• a new civic square
  • enhanced community and green spaces
  • £10m socio-economic programme including over 3,000 jobs.

Although the development itself is at an early stage, we heard directly from local resident Emine who has led resident input to the design of a play area which will provide facilities for older as well as younger children, on a “meanwhile” basis pending final build-out.

A resident from the Love Lane estate talks to field trip participants. She is wearing a green head scarf and black coat and trousers. As it's raining, the resident engagement officer from the council is sharing an umbrella with her. Other participants have hoods up and the image is framed by a pink and maroon umbrella at the top
Resident Emine talks to us about community engagement

“One of the principle aims from the outset of the scheme has been to create a place that promotes best practice interventions in health through the diverse range of neighbourhood related interventions.” LB Haringey

As well as some of the key sites within the masterplan, we took in upgrades to White Hart Lane station, the surrounding TfL Healthy Streets scheme and The Selby Centre.

Services rooted in the community

The Selby is a unique community centre providing a range of support to the local community and beyond. CEO Paul Butler and Operations Manager Claudette Barton explained its strong community-led ethos which emerged from a time of tension and mistrust to become an exemplar of positivity and partnership. Levelling up Funding for a £20m redevelopment means the organisation is gearing up for huge change, including a reconfigured site incorporating housing.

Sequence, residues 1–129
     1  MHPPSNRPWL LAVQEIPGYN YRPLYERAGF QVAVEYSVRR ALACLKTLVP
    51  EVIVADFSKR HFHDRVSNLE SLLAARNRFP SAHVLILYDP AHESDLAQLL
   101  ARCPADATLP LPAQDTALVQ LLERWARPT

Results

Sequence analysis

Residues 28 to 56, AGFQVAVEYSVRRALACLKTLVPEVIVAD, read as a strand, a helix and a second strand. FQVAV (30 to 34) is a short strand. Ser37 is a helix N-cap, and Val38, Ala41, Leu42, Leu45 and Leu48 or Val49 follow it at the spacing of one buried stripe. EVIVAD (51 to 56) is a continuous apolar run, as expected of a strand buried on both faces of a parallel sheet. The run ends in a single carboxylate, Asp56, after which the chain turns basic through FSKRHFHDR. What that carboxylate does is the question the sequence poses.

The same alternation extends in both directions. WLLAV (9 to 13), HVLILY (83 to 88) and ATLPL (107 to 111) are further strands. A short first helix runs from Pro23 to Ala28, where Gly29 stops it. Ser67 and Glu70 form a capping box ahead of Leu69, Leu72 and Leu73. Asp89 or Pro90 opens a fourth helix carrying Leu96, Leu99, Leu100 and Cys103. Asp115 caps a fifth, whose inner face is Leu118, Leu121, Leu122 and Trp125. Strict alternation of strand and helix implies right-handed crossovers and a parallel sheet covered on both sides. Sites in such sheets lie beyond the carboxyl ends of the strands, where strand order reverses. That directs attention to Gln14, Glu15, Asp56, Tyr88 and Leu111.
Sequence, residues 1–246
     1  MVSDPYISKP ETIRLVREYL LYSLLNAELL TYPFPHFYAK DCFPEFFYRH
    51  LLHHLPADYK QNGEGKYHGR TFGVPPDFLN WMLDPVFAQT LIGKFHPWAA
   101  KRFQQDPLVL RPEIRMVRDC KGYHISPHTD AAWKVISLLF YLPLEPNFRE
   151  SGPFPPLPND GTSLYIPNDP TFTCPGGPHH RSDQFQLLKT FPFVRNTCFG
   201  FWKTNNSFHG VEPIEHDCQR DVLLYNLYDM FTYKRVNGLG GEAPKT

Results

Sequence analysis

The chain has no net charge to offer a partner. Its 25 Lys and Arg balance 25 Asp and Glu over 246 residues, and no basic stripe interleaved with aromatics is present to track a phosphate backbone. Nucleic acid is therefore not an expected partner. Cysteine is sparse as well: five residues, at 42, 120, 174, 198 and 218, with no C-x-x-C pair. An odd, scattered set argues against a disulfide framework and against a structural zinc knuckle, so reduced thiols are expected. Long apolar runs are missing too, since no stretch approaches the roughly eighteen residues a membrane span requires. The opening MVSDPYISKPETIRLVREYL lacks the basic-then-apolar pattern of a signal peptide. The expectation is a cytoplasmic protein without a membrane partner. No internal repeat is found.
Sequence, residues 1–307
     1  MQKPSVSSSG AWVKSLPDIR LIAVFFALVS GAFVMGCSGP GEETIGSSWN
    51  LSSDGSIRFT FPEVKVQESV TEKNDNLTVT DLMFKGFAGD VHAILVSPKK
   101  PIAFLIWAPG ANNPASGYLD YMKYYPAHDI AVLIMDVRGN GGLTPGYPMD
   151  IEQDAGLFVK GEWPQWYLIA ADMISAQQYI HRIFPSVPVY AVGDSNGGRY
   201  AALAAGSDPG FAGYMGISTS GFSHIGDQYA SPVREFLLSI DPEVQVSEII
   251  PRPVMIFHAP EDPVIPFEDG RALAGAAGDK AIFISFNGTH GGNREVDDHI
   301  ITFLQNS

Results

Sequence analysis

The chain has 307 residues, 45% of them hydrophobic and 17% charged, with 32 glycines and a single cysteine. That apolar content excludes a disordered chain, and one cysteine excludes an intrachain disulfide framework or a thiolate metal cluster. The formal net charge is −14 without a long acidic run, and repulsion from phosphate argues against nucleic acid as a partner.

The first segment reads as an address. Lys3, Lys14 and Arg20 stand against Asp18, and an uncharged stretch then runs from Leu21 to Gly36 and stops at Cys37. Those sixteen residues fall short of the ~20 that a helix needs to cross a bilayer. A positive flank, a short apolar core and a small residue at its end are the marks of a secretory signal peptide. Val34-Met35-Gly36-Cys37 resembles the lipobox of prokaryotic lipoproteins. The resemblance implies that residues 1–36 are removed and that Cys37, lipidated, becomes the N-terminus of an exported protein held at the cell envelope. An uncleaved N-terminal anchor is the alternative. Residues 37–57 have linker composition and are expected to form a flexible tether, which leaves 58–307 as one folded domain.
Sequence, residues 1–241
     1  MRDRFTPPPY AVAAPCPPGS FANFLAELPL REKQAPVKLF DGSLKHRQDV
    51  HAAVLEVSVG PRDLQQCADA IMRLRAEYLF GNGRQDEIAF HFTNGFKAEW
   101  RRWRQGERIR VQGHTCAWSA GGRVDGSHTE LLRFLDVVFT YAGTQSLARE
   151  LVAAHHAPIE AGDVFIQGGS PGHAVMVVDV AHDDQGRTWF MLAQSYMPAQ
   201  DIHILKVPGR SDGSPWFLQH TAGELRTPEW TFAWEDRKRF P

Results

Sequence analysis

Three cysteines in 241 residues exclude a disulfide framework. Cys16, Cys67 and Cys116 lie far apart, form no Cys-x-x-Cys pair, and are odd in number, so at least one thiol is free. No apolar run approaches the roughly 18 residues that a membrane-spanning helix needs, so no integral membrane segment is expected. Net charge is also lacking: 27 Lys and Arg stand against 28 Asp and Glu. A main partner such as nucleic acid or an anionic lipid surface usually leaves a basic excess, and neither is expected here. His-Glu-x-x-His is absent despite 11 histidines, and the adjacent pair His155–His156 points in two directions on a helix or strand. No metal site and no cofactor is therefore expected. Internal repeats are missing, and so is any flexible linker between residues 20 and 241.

A drawing of how Selby Urban Village will look after the redevelopment. It has a had drawn style with buildings not involved in the redevelopment in black and white and those part of the plan in colour. There are a range of low and high rise housing blocks in the foreground and the community centre and sports pitch in the background.
Selby Urban Village masterplan

Not just another regeneration scheme

“We see health as an objective, as well as an indicator of regeneration” Matthew Maple, High Road West Lead, LB Haringey

What was clear throughout our visit, is that a special focus has been placed on ensuring health is integrated in plans and specific actions:

Political support

Cllr Das Neves, Cabinet Member for Health, Social Care and Wellbeing, demonstrated the commitment to integrating health and housing at a political level in her opening welcome. It was encouraging to hear her say that although they’re proud of what they’ve achieved, they’re still learning.